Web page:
Steeped in a bloody history, the castle is home to a host of myths and legends and even the occasional wailing banshee. Walking among the cobblestone paths of the inner castle transports you back in time, while numerous exhibits showcase a wealth of impressive artifacts.
There’s a fantastic viewing point and picnic area (Magheracross) nearby, which offers incredible views over the ruins and the majestic surroundings.
7. Head for a ramble at Ballintoy Harbour
Ballintoy Harbour is a ruggedly beautiful fishing port set in a small and charming village. It’s also one of the best-known Game of Thrones Ireland film locations.
The view from the harbour is sure to inspire anyone to grab an easel and start painting the moody scenery that takes in sea stacks, crashing waves, eerie caves, and towering rocky cliffs.
There are several hiking trails that start from the harbour car park, including some fantastic clifftop rambles and wild beach walks. Top walks include a hike to Dunseverick Castle and a trek to the Carrick-a-rede Rope Bridge.
FAQs about things to do in Ballycastle in Antrim
We’ve had a lot of questions over the years asking about everything from what to do in Ballycastle when it’s raining to where to visit nearby.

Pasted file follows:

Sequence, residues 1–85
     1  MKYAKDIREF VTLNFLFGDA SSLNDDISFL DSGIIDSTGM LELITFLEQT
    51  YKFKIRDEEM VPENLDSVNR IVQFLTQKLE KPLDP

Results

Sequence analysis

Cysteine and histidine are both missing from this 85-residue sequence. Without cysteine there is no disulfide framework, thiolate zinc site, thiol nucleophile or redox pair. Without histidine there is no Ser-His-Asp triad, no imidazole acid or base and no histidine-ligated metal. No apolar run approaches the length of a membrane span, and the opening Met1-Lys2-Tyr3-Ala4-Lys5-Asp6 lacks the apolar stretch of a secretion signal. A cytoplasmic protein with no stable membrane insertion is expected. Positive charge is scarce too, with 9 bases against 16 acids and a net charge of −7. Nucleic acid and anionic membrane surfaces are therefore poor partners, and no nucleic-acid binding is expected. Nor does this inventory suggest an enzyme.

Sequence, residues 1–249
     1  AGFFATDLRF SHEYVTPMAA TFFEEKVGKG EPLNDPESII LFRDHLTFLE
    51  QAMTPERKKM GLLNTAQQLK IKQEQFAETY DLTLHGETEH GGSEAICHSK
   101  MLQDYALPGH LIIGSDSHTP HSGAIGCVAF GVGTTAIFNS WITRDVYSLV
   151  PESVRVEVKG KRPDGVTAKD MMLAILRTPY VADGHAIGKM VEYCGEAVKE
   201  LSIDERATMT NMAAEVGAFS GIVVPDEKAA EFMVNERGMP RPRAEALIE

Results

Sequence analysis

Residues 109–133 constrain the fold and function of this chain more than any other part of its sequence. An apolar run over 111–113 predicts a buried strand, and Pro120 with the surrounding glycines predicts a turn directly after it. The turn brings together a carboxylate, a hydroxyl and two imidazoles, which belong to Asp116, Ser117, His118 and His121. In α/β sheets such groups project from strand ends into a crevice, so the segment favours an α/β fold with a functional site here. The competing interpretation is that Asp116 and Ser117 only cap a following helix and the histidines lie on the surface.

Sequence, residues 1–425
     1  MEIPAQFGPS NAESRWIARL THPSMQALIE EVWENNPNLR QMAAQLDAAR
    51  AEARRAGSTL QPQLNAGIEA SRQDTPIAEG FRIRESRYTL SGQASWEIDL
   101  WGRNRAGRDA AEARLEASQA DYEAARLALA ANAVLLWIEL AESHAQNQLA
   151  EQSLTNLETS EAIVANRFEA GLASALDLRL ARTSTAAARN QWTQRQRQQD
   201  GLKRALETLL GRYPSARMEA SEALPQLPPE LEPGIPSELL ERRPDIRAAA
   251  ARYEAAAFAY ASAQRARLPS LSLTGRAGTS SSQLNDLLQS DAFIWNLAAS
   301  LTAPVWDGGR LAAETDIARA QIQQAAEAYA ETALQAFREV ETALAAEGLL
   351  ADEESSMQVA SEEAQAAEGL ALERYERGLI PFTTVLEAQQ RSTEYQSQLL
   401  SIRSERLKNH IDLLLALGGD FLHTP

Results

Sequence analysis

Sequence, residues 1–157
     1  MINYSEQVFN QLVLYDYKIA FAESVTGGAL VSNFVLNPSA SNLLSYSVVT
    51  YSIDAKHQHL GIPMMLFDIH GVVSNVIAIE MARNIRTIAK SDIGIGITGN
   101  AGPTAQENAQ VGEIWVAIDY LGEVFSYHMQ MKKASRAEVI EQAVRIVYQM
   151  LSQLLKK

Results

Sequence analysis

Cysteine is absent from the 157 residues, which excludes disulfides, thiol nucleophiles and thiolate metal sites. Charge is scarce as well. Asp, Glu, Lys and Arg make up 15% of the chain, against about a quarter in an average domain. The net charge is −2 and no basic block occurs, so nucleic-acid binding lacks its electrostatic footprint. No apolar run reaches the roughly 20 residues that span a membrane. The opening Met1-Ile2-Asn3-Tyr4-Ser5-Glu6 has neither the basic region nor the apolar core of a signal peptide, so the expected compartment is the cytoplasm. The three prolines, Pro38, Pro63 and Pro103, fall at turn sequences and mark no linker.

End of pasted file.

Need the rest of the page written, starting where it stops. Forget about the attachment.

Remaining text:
In the section below, we’ve popped in the most FAQs that we’ve received. If you have a question that we haven’t tackled, ask away in the comments section below.
What are the best things to do in Ballycastle?
Grab breakfast from Our Dolly’s and then either head for a ramble along Ballycastle Beach, see the cliffs at Fair Head, soak up the views from Kinbane Castle or visit Rathlin Island.
What are the best places to visit near Ballycastle?
Ballycastle is right on the Causeway Coastal Route, so there’s an endless number of places to visit nearby (see above).
What are the most unique things to do in Ballycastle?
I’d argue that one of the most unique things to do in Ballycastle is to take a ferry from the harbour over to the often-missed Rathlin Island.